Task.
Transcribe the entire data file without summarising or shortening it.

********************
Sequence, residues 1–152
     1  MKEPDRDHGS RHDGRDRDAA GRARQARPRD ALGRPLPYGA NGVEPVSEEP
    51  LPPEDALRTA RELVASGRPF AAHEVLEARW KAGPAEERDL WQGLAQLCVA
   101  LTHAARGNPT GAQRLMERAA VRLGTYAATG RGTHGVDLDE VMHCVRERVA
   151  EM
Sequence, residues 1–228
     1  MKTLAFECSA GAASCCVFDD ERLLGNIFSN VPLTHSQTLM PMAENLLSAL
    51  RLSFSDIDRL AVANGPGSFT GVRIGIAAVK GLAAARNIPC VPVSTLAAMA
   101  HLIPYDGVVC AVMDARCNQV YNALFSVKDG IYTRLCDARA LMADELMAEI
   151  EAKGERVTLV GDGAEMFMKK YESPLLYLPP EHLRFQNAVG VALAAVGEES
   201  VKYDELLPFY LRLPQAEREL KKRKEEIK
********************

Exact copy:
Sequence, residues 1–152
     1  MKEPDRDHGS RHDGRDRDAA GRARQARPRD ALGRPLPYGA NGVEPVSEEP
    51  LPPEDALRTA RELVASGRPF AAHEVLEARW KAGPAEERDL WQGLAQLCVA
   101  LTHAARGNPT GAQRLMERAA VRLGTYAATG RGTHGVDLDE VMHCVRERVA
   151  EM
Sequence, residues 1–228
     1  MKTLAFECSA GAASCCVFDD ERLLGNIFSN VPLTHSQTLM PMAENLLSAL
    51  RLSFSDIDRL AVANGPGSFT GVRIGIAAVK GLAAARNIPC VPVSTLAAMA
   101  HLIPYDGVVC AVMDARCNQV YNALFSVKDG IYTRLCDARA LMADELMAEI
   151  EAKGERVTLV GDGAEMFMKK YESPLLYLPP EHLRFQNAVG VALAAVGEES
   201  VKYDELLPFY LRLPQAEREL KKRKEEIK